Nitric oxide synthase: Role in the genesis of vascular disease

John P. Cooke, Victor J. Dzau

Research output: Contribution to journalReview articlepeer-review

662 Scopus citations


The product of nitric oxide (NO) synthase is the most potent endogenous vasodilator known. NO not only is a potent vasodilator, it also inhibits platelet adherence and aggregation, reduces adherence of leukocytes to the endothelium, and suppresses proliferation of vascular smooth muscle cells. A number of disorders are associated with reduced synthesis and/or increased degradation of vascular NO. These include hypercholesterolemia, diabetes mellitus, hypertension, and tobacco use. The endothelial dysfunction caused by these disorders contributes to the alterations in vascular function and structure observed in these conditions. A reduction in the activity of vascular NO likely plays a significant role in the development of atherosclerosis. Insights into the mechanisms by which NO production or activity is altered in these states will lead to new therapeutic strategies in the treatment of a number of vascular disorders, including hypertension, atherosclerosis, restenosis, and thrombosis.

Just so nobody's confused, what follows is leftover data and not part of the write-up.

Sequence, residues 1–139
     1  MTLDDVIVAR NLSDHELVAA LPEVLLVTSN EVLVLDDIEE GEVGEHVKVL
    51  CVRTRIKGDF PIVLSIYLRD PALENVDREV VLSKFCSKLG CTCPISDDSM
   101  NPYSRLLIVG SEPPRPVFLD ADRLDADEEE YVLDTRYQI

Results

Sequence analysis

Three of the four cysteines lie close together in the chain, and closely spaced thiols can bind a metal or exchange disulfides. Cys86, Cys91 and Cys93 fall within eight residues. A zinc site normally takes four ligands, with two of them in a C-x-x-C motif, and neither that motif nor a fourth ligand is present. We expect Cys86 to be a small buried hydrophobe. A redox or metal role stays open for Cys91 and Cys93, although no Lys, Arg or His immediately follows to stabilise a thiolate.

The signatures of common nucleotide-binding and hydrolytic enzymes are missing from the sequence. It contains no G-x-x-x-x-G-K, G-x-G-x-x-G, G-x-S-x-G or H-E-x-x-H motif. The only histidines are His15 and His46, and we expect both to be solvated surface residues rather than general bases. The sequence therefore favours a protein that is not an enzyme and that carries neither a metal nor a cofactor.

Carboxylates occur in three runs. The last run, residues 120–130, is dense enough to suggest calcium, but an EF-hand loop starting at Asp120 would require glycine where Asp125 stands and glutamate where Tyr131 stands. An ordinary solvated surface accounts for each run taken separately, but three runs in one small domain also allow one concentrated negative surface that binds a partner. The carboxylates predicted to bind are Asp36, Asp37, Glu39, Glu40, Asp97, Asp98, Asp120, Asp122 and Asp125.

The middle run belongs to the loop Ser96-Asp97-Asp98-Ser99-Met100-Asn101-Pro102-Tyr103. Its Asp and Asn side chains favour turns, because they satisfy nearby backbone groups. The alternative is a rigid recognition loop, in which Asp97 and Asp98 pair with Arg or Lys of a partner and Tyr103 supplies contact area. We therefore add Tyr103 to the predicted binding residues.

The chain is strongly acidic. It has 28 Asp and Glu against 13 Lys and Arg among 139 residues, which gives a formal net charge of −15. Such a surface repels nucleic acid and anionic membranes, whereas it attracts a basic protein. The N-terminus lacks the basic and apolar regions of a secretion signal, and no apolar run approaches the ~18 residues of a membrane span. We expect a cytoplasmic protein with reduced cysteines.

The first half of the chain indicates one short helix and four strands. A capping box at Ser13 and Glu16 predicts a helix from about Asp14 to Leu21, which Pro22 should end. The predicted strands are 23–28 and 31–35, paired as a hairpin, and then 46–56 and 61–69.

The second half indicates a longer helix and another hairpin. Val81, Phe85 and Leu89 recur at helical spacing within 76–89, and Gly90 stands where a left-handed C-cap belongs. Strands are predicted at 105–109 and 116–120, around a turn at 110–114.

Original languageEnglish (US)
Pages (from-to)489-509
Number of pages21
JournalAnnual Review of Medicine
StatePublished - 1997


  • Atherosclerosis
  • Hypercholesterolemia
  • Restenosis
  • Vasodilation

ASJC Scopus subject areas

  • Cell Biology
  • Medicine(all)


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